Rewriting The Atlas Of U.S.Manufacturing

In many communities growth collides with quality of life.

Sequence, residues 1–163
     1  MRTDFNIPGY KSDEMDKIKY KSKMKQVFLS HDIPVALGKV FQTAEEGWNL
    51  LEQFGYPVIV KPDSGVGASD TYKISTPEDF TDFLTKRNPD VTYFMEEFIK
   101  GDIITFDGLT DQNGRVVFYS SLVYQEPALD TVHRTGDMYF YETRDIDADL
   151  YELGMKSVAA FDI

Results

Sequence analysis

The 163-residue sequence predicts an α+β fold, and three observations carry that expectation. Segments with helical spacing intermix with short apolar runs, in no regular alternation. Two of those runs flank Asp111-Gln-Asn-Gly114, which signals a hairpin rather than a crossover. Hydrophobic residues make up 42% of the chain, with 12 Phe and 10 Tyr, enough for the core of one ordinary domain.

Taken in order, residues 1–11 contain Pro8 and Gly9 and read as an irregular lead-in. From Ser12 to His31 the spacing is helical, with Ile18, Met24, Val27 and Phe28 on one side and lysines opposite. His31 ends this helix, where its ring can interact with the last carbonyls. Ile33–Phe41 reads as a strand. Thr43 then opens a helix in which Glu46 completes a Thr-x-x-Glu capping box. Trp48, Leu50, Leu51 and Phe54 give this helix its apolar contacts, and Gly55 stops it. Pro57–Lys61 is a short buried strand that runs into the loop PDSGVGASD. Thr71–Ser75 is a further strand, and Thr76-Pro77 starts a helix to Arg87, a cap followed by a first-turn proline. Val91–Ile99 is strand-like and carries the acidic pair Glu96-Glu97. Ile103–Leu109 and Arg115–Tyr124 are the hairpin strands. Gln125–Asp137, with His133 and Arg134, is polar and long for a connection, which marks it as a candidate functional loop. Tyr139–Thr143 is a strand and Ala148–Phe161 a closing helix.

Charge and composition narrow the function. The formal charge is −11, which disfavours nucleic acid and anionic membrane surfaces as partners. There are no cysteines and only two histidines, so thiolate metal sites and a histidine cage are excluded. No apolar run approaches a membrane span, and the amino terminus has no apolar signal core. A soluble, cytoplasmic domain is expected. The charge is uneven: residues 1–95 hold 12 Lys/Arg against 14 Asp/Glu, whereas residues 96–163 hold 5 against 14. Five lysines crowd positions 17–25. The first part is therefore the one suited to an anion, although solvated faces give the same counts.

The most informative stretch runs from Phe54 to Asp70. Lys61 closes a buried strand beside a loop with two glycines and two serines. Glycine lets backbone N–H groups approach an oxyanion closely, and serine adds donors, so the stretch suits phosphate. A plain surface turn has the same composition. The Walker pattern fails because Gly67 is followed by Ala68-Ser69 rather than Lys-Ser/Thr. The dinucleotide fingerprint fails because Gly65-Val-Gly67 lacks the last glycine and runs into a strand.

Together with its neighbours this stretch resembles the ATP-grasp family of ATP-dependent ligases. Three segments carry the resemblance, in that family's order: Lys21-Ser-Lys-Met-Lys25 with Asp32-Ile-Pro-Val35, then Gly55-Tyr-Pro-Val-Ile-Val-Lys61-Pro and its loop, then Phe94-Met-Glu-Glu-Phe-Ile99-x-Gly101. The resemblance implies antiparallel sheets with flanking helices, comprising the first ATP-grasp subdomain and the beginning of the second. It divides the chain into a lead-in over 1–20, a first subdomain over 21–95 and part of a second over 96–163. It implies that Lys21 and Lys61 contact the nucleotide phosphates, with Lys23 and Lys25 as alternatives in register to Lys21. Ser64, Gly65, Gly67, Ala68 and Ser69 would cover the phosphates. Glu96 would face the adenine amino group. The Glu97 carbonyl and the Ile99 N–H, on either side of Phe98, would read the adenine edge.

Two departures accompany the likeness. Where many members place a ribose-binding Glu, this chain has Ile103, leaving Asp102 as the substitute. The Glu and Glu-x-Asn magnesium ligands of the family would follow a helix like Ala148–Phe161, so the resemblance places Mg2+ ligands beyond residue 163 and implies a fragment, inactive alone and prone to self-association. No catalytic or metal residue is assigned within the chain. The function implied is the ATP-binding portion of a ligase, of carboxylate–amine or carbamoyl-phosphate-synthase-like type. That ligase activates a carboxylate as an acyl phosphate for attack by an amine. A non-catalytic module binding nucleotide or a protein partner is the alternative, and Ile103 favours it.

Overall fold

At 6:58 on a midwinter Monday morning, the sun's early rays burst through the smog painting the sky a shade of yellow. Bumpers almost touching, cars, delivery vans, and light trucks rush along State Route 114. An urban ballet unfolds between a midnight-blue BMW and a cinnamon-red Ford Explorer. The driver of the BMW wants to change lanes and push into the space in front of the Explorer, but the Explorer refuses to yield. An opportunity arises. The BMW speeds up; the driver jerks the wheel, and lurches into the left lane in front of the Explorer with all the grace of a Dallas Cowboy. New York? San Jose? Boston? The scene could be set in any of several U.S. metropolitan areas. But it is rush hour in Dallas. One of the country's fastest-growing regions, the Dallas metro area boasts a population of 3.2 million people, and growth shows no sign of slowing. In Dallas manufacturing accounts for 11% of the economy. The good old boys still talk about the price of oil and the way it's making Dallas boom. But the real growth industries during the last few years have been computer chips, medical instruments, and telecommunications. Alcatel USA Inc., AT&T Corp., L.M. Ericsson Telephone Co., Nortel Networks Corp., and Nokia Corp. all make equipment in the north Texas community that has unmistakably outgrown the term town. Boston, L.A., And Tulsa, Too Dallas is not unique. Page after page of the atlas of U.S. manufacturing reveals communities in the throes of change. Some of it is a product of natural economic evolution. In other locations, change is being forced upon communities as new companies arrive and try to create new wealth. Indeed, what's happening in communities across the U.S. is what's happening to the American economy as a whole. It's not old economy versus new economy. Rather, it is the U.S. economy being redefined, refocused, and rejuvenated with an intensity that stuns even manufacturing executives with a sure knowledge of U.S. business history. Michael C. Ruettgers personifies the Boston metro area's changes. Ruettgers spent his early business career working on Patriot missiles at Raytheon Co., a key Boston- based defense contractor. In 1992 he became CEO of a struggling company called EMC Corp. in Hopkinton, Mass., about 25 miles from downtown Boston. Like a well-aimed missile, he eliminated all the company's product lines -- except for data storage for mainframe computers. By 2000 Ruettgers had twisted and turned data storage into an array of new products. And he turned himself into an economic celebrity by growing revenues at EMC 50-fold to $8.8 billion. A continent away, the Los Angeles metro area has lost thousands of aerospace and defense-industry jobs. Apparel and furniture makers in the area are heading south of the U.S. border for lower labor costs. And yet America's movie capital remains a major manufacturing center. Los Angeles is replacing departing businesses with design firms and companies that help to create manufactured goods. General Motors Corp., for example, recently opened a studio in North Hollywood to begin advanced design work. Motion-picture production service firms, video-game makers, and software developers also are setting up shop in L.A. to be close to Hollywood customers -- and to capitalize on available funding. Venture capital is flowing into L.A. at one of the fastest-growing rates in the nation, says a recent report from the Los Angeles-based Milken Institute. Such investment increased by 800% between 1995 and 1999, and movie-related manufacturing was not the only beneficiary. Biotechnology firms -- there are more than 400, including Amgen Inc., in the metro area -- also cashed in. Large employers drive change in metro areas. Ford Motor Co. is one example. In the year 2000, when it began distributing free computers and offering inexpensive Web access to all employees, Ford quickly boosted computer usage in the Detroit metro area. And now more than half of all Detroit households claim at least one computer, compared with only 44% in New York, says AeA, a Santa Clara, Calif.-based electronics-industry association. Williams Cos Inc., however, had an even greater impact on its hometown of Tulsa. The city ebbed and flowed with energy prices, and so did Williams until it diversified. More than a decade ago the operator of gas pipelines came up with a way to generate revenue from defunct pipes. It shoved fiber-optic cables into them and turned itself into one of the nation's largest providers of data, voice, and video communications. With Williams' transformation came change in the Bible-belt town. Tulsa now is a fast-growing manufacturing and telecom center. It hosts major networking communications firms, including WorldCom Inc. Williams expects its telecommunications workforce to double to 4,000 by the end of 2002. Tales Of Big Blue More than once Dutchess County, N.Y., has been transformed by the same large employer. IBM Corp., whose operations dot the Hudson Valley, decimated this picturesque county halfway between Manhattan and Albany in the early 1990s when it laid off thousands of people. Real estate prices plummeted; shops and restaurants in the county seat of Poughkeepsie closed; and blue-collar workers who once ran Big Blue's production lines were forced to take lower-paying jobs in what was left of retail. But as IBM began returning to prominence and profits, Dutchess County saw its fortunes improve. Manufacturing employment in 1998, the most-recent year for which data are available, was up 126% from 1995's level. And manufacturing will become an even more important part of the region's economy if IBM's plans -- and the prices of semico nductors -- hold up. Last October IBM announced it would build a $2.5 billion advanced chip-making plant in East Fishkill. Prospective employment: 1,000 people when full production comes online in 2003. Dallas, the scene of vehicular ballet during morning rush hour, also has been shaped by local companies. A dozen miles from downtown along U.S. 75, Texas Instruments Inc. established its headquarters. Then in the late 1980s and the 1990s telecommunications firms flocked to the purlieu. Now more than 500 of them are crammed into high-rises that cover but a few square miles. I-35, also known as the NAFTA highway, skirts the Dallas metro area on its way from Laredo to Canada. Lined with industrial parks and storage centers designed to hold goods going to and from Mexico, the NAFTA highway is testament to profound change and economic growth. But it also points to trouble. Urban planners in Texas grapple with tough questions about maintaining a decent quality of life in the midst of vibrant growth. "Sprawl is a problem for us," admits Jay Small, an analyst in Dallas' Dept. of Economic Development. Sprawl is overwhelming San Jose, the heart of California's Silicon Valley, as well. Manufacturing accounts for 22% of the metropolitan area's economy, and employees here are almost twice as productive as workers in other parts of the U.S. In 1998, according to the most-recent data available, they added $124,055 in value to manufactured goods, nearly 70% more than the $73,217 average for manufacturing workers nationwide. Cisco Systems Inc., the San Jose metro area's largest employer, is embroiled in a controversy that symbolizes the challenge of balancing growth and quality of life. Cisco, a maker of Internet equipment, is planning a giant corporate complex in CoyoteValley, a semirural area of fields and forests that borders San Jose. When built, the campus will house as many as 20,000 of the employees Cisco expects to hire over the next 10 years. The complex, however, also could damage water supplies and endanger several species, warn local environmentalists who oppose the $1.3 billion project. The matter is tied up in the courts, but Cisco insists the project can go on. Cisco's project is being complicated by California's power crisis. More than 60 members of the Silicon Valley Manufacturers Group have experienced power outages, and the trade association fears the situation could worsen. Calpine Corp. wants to build a powerplant near Cisco's proposed campus to bring more electricity to the area. Cisco opposes it. And that leaves planners wondering where power will come from, says Ross C. DeVol, the Milken Institute's director of regional and demographic studies. "[The Cisco campus] probably still will get built, but it's going to take longer for it to happen." Change is endemic to Silicon Valley, believes Koichi Nichimura, chairman and CEO of Solectron Corp., who has lived in the region for 60 years. He compares the valley and its residents to a virus. "We're constantly learning, mutating. People in the valley are always being subjected to a more hostile environment -- and trying to outsmart it," explains the chief executive of the world's largest contract-manufacturing firm. The inescapable reality is that San Jose is no longer the fields and farmlands that once were Silicon Valley. And those residents who want more development will have to adjust their lifestyles, contends DeVol. "They're going to have to accept higher-density living . . . and offices of more than three floors." Issues Of Land Use The development debate also is occurring about 550 miles north of San Jose in Portland, Oreg. With 157,125 workers holding production jobs, Portland employs more people in manufacturing than traditional industrial strongholds such as Pittsburgh. Like the people in San Jose, Portlanders are some of the nation's most-productive workers, adding an average $107,059 in value to the goods they manufactured in 1998. Until recently, Portland had staved off the worst of traffic and sprawl. The community's "growth boundaries," cited as models by opponents of haphazard development, for example, have kept such companies as Intel Corp. from building semiconductor plants on farmland, some of the region's richest real estate. But that may change. Measure 7, a voter initiative approved last November, would force local governments to compensate landowners when regulations lower the value of their property, and could prompt officials to waive the antidevelopment laws rather than to shell out sums they can't afford. The measure now is tied up in the courts. A more immediate development question confronts the 1.8 million people living in the metro area. Portland grew into a thriving center thanks to agriculture and a healthy forest-products industry. It still does a solid trade in Christmas trees. And lumber and building-products company Louisiana-Pacific Corp. is just one of several stalwarts based in Portland. But Portland's fastest-growing economic sector is high technology, led by Intel, Hewlett-Packard Co., and Fujitsu Ltd. And not far from Intel's operations lies an 8,000-acre state forest. During the Great Depression most of it burned down. School children and other volunteers replanted the forest, assuming that some day it would be harvested. These days, Intel employees run through the forest for exercise. Others depend on the trees for solitude. And these recreational users are coming up against companies that want to log the forest. "What does it mean to have this fundamental transition in our economy?" wonders Ethan P. Selzer, director of the Institute of Portland Metropolitan Studies at Portland State University. The answer to his question could determine the future of manufacturing in the region.